Trulli yours

In Photo: At the l’Escoffier dinner at Massimo Trulli Fashion, Food & Wine (from left) Chef Philip Golding, Atty. Gale Atienza, Chef Victor Manuel, Chef Davide Lombardi, Junior Masterchef Louise Mabulo, and Adriano Stefanutti.

Cecile G. MauricioFROM where I sat at the bar, the drama in the kitchen was there for everybody to watch. It was extra busy that evening when a team from the Disciples of Escoffier Philippines took over the kitchen duties at the boutique Massimo Trulli Fashion, Food & Wine. Two young chefs, Louise and Victor, were doing the cooking for the wine dinner under the eagle eye of Chef Philip Golding, president of Disciples of Escoffier Philippines. In the case of Louise Mabulo, this year’s Philippine representative to the Disciples of Escoffier Young Talent Trophy Competition, it was an occasion to practice for the upcoming event this September in Hong Kong. For Victor, the boutique’s resident chef, it was a great opportunity to work alongside a veteran chef.

The idea of bringing fashion, food and wine under one roof was brought about by both entrepreneurial spirit and the passion for all three.

Adriano Stefanutti, former diplomat-turned-sommelier and his business partner, Gale Atienza, practicing lawyer and wine enthusiast, had to have a storefront for the wines and gourmet products that they had been importing from Italy. But the space they were envisioning had to be as unique as the products in their inventory. When the offer came to be exclusive importer of Massimo Trulli fashion and home accessories, the concept finally gelled.

Wine cellar, bar, restaurant and showroom intersect seamlessly at Massimo Trulli. Here, the tables and chairs are not just on display, but are used, as well. Like the furniture, the leather bags, purses and shoes are produced in limited editions—there are only 999 pieces of each worldwide, authenticated with a certificate and progressive number and signed by the artist. The wine portfolio is as unique, carefully selected from boutique wineries across Italy, most of the winemakers personally known to Adriano and Gale.

At the core of the menu are Italian specialty food products: cheeses (like ubriaco, montasio and blu ramandolo from Friuli), organic olive oils and the famous prosciutto di San Daniele. On a regular day, customers who buy Massimo Trulli items linger at the bar with a glass of wine or end up having a meal to celebrate the purchase of a limited-edition item.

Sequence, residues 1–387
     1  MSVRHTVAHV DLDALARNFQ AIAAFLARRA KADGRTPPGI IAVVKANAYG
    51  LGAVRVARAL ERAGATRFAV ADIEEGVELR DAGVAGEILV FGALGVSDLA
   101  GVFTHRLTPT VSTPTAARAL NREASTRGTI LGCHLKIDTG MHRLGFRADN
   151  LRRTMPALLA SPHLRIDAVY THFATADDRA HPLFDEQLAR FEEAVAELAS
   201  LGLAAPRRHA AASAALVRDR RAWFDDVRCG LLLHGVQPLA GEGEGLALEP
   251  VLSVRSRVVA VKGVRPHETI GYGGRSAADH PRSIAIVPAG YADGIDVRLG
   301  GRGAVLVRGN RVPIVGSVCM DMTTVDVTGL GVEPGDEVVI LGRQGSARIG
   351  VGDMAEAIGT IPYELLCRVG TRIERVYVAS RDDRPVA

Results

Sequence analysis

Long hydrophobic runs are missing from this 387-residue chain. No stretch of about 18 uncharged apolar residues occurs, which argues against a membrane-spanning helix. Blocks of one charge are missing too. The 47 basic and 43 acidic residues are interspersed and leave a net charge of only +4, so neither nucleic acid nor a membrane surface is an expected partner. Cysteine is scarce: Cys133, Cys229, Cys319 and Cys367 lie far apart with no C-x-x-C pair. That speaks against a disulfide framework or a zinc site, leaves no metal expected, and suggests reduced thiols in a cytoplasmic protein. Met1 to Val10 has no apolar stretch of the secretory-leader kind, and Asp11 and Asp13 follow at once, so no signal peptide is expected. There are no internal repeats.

But it is in the evenings when the shop shines. This is the time when guests come especially for the wine and winetalk, when Adriano and Gale are holding court at the bar or the wine cellar, explaining the merits of the house wines (which are always surprises) or the latest additions to their product inventory. At the Escoffier dinner, they again brought out prime examples from their stellar winelist.

The Gatta Franciacorta Brut 2011 set the tone for the dinner’s wine selection. No ordinary bubbly this one, but a pedigreed sparkling wine from Lombardia, made in much the same way as France’s Champagne. From Lombardia, it was on to Friuli with the Collavini Broy Bianco “1986” Collio 2013, a beautifully perfumed, softly textured Friulano-Chardonnay-Sauvignon Blanc blend. To cut through the creaminess of caramelized cauliflower soup with aged (34 months) parmggiano-reggiano, there was the bright, zesty d’Alessandro Catarratto 2014 from Sicily. With the main courses—wild mushroom risotto and volcanic rock-grilled steak—Adriano brought out the new gems in their portfolio: the Piedmontese Icardi Barolo “Parej” 2010 and the Tuscan Lionello Marchesi Brunello di Montalcino “Col di Sole” 2008, both award-winning wines. With the Valrhona chocolate tart with raspberry purée, the Valturio Moscato d’Alessandra “Abstemio” 2010 was spot-on, just sweet enough to ride along the richness of chocolate.  Adriano had also chosen wines that showed the diversity of Italy’s winemaking regions.

That diversity is, perhaps, the unifying element of Massimo Trulli Fashion, Food & Wine. The Italian spirit is pervasive here, but there is a warm welcome for other persuasions, as well. So the shop opens its doors to business meetings, poetry readings, product launches, mini concerts or gastronomic events, such as the l’Escoffier dinner. And the curious just walk in to ogle at the merchandise and sit on the Audrey Hepburn-print leather wing chair. Still, there are those who come by on Friday night’s “happy hour” when special bottles can be had by glass.

I come for the winetalk, the prosciutto San Daniele, and the gorgeous olive oils that are offered for drizzling on the salads. Washed down with the wine of the moment and a generous helping of the shop owners’ infectious zest for life—and love.


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